Be assertive, say no to bullying


A tactful way to turn down a task is to say, 'I'd like to help and wish I could say yes. But I don't have time do the job.' Setting the...

A tactful way to turn down a task is to say, "I'd like to help and wish I could say yes. But I don't have time do the job." Setting the boundary, politely yet firmly, will stop such behaviour

I am a hard-worker but my colleagues exploit me. I feel inferior. What do I do?
- Rajan, Tirupati

Helping others is an admirable trait but if it is taken as weakness by others, it inevitably leads to burn out and resentment in us. Due to this non - assertive behavior, some people deliberately try to overload us with their work. A major survey conducted by the University of Manchester Institute of Science and Technology showed that the effects of workplace bullying (exploitation) are estimated to be responsible for one third to a half of all stress related illnesses. The person who feels exploited or bullied by others experience psychological health problems such as depression, anxiety or low self-esteem, physical health problems such as stomach problems, or sleep difficulties and their performance at work place can also be affected.

Signs of stress
It's important to be aware of signs of stress to learn to manage them. The signs of stress include:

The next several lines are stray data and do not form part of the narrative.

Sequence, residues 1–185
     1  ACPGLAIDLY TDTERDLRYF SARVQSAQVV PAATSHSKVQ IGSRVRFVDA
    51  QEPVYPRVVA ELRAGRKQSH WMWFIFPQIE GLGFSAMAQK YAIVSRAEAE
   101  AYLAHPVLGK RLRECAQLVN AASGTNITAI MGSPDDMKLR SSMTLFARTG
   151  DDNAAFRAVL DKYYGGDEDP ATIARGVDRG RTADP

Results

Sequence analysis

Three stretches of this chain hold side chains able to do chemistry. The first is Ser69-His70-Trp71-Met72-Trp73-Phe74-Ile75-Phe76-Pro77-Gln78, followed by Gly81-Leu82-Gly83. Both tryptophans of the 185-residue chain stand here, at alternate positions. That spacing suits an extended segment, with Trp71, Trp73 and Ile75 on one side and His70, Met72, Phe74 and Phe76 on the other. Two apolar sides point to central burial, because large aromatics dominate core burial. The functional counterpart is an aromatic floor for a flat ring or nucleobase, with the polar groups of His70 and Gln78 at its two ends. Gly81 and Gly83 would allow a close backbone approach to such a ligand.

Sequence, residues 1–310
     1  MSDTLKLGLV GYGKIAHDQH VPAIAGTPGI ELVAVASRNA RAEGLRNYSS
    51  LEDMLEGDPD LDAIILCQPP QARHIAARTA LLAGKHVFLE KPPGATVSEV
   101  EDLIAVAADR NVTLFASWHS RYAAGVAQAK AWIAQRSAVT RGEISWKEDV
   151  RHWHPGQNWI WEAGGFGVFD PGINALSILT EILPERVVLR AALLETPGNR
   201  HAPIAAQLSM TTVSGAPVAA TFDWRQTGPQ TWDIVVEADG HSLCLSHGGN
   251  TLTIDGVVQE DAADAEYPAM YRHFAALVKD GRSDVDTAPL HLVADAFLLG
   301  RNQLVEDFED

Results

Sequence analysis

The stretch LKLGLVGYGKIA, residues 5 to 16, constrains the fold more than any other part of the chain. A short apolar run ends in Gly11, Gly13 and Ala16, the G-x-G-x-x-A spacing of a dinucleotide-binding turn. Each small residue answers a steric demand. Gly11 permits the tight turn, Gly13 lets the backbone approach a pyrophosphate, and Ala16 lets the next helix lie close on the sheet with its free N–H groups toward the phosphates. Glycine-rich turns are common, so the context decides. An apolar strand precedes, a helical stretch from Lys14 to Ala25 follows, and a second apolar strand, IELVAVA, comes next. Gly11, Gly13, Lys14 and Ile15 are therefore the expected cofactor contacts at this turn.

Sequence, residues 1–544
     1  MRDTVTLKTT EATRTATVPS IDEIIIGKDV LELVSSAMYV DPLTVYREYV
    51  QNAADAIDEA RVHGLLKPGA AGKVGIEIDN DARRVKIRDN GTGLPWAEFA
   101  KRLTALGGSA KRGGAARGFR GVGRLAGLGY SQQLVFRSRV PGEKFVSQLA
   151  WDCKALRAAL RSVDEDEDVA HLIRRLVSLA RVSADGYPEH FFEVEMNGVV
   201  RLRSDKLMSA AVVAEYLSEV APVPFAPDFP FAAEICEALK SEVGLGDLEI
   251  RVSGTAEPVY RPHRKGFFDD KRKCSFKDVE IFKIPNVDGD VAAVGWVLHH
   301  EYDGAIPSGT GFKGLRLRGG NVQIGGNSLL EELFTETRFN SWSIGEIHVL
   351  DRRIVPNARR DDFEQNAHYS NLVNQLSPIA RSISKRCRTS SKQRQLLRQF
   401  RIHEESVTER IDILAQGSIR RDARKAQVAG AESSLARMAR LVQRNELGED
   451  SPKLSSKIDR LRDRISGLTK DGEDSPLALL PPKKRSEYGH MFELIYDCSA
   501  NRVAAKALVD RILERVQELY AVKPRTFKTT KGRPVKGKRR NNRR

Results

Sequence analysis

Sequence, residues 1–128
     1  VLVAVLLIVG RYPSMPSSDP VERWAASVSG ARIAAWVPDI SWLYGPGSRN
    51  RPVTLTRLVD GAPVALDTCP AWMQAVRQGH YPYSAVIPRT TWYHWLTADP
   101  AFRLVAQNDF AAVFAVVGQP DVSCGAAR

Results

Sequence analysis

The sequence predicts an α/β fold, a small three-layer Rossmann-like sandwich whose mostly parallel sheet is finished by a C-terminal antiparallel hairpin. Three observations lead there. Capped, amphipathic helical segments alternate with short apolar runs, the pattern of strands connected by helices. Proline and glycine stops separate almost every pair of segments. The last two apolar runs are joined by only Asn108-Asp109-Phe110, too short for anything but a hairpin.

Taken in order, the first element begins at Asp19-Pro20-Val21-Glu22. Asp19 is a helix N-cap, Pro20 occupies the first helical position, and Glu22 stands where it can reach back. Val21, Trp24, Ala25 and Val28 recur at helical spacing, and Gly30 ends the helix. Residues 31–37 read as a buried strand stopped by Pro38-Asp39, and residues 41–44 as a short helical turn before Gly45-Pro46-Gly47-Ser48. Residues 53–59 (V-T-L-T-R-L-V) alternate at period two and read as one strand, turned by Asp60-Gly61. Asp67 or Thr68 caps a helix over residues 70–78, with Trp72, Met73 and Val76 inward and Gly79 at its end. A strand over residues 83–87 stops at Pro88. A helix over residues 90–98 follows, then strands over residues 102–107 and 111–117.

• Trouble falling asleep or going back to sleep once awakened
• Feeling inferior, poor self esteem and lack of confidence
• Overeating, or having no appetite
• Withdrawing from family or friends
• Stomach pain, upset stomach, or nausea,
• Lower productivity at work

Exposure to non - stop negativity can also disrupt learning, memory, attention and judgment, says Robert Sapolsky, a prominent author and professor of neurology and neurological sciences at Stanford University. The brain, he says, can only handle so many stimuli at once before it begins losing ability to concentrate or remember—especially if that steady stream of negativity sparks distressing emotions.It can be extremely upsetting to be on the receiving end of what you perceive to be harassing or bullying behavior.

How to be assertive with such people:

Saying “No”:

There are three basic interpersonal styles that we can use when interacting with people. These are: passive, aggressive and assertive. If you are passive and voice your concerns, often people take advantage of you and you end up with feelings of inferiority whereas aggression also does not help. Though at times, it can be beneficial for short duration, but in the longer run, chances are there that you will alienate with people, which will prevent you from eventually attaining your needs.

Being assertive always helps us to regain control over the situation and confidence in ourselves. Assertiveness also helps us solve problems since the needs of both parties are taken into account. A tactful way to turn down a task is to say, "I'd like to help and wish I could say yes. But I don't have the time do the job."